A creak from one of the eggshells drew her attention to Staun. His face was now a rictus of pain. He twitched, and the eggshells hummed. She immediately saw why. His entire lower body was crawling with the bugs. As quietly as she could she moved closer to him and brushed the stinging insects off of him. Some of the fierce creatures already had their mandibles hooked into his blue skin. As she swiped her hand across his thighs and legs she could feel him tremble as the remaining bugs bit him. The eggs groaned dangerously in his arms, but she dared not disturb them for fear of making still more noise. She tried to support his elbow as she cleaned him off, hoping to aid him without revealing their position. As her efforts neared his feet she realized the source of the pain.

They were standing on an ant hill.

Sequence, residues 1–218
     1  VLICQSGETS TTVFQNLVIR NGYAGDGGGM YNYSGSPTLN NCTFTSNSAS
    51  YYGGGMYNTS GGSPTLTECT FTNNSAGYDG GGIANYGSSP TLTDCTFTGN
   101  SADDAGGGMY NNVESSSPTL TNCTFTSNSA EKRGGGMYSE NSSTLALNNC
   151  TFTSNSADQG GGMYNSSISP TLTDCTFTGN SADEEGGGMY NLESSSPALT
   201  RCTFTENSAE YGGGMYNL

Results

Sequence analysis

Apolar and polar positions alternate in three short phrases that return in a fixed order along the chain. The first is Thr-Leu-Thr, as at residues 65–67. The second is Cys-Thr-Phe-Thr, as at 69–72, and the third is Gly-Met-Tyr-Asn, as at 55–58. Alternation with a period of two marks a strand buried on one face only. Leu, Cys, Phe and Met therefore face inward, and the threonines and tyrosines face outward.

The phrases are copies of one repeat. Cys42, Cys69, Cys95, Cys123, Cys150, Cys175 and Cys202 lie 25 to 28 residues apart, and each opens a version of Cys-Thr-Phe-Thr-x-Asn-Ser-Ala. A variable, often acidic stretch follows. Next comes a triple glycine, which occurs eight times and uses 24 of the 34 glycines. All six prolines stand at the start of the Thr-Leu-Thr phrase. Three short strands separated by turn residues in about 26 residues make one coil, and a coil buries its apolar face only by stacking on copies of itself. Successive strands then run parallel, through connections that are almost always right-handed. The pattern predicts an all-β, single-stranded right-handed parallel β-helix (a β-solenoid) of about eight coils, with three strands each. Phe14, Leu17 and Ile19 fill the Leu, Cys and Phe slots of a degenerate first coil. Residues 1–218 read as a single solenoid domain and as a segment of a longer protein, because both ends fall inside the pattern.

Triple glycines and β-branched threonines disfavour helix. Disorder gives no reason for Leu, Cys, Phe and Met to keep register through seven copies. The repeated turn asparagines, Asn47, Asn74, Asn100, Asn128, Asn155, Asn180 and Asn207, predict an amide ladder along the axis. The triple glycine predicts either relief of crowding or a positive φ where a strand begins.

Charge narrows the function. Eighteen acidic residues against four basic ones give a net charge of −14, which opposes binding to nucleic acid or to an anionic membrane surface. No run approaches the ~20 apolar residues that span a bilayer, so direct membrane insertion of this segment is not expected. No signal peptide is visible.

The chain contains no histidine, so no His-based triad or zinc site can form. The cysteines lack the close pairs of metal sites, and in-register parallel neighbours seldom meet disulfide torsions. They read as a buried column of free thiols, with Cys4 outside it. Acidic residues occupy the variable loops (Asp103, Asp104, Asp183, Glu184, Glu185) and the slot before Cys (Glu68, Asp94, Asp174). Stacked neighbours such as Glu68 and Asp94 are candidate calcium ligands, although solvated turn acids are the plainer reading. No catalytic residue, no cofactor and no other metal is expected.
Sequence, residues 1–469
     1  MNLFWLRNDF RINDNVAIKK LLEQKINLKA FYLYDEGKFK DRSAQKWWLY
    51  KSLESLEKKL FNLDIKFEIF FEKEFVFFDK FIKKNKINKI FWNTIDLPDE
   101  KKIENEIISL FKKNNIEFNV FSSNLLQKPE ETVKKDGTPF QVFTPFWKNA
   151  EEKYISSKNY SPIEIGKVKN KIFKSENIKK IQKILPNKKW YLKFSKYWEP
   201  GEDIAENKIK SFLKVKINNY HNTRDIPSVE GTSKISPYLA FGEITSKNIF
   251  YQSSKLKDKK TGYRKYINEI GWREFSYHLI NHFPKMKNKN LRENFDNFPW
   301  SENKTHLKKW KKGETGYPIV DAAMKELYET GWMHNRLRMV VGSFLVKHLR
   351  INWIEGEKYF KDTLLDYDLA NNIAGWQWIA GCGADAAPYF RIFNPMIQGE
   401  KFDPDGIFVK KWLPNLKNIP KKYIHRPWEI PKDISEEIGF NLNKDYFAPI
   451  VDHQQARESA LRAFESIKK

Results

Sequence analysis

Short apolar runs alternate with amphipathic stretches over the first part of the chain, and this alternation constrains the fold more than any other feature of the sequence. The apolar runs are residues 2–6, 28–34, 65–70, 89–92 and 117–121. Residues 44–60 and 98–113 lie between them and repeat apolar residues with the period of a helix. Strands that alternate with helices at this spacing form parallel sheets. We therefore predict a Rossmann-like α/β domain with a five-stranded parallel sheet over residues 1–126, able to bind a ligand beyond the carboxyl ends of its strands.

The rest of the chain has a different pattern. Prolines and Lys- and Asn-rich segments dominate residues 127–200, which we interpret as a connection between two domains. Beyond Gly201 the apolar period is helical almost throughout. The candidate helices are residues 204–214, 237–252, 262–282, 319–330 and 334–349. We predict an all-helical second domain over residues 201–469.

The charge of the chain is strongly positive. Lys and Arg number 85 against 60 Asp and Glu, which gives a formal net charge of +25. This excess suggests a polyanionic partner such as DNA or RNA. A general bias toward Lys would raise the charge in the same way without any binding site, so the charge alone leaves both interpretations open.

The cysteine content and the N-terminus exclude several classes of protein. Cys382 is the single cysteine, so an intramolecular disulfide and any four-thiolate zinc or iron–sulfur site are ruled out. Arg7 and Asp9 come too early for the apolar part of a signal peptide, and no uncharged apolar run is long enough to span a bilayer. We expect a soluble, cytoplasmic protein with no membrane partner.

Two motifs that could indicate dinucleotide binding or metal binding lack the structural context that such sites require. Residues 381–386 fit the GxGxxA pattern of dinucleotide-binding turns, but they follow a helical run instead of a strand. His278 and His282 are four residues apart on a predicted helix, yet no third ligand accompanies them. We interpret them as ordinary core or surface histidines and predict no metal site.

Filia took a quick glance around the tree. One of the men was sitting on the ground, examining one of the captured carbines. A terrible thought seized her: what if they decided to camp there? What would she do? Another creak from the eggshells in Staun’s arms brought her attention back to him. Most of the ants were gone now, but there were still some scattered all across his exposed flesh. She ran her hand over his belly, across his thighs, down his legs, and then back up to his buttocks. It was almost with irritation that she noted that there were two ants actually crawling on his scrotum. She picked them off, crushing the creatures in pure spite.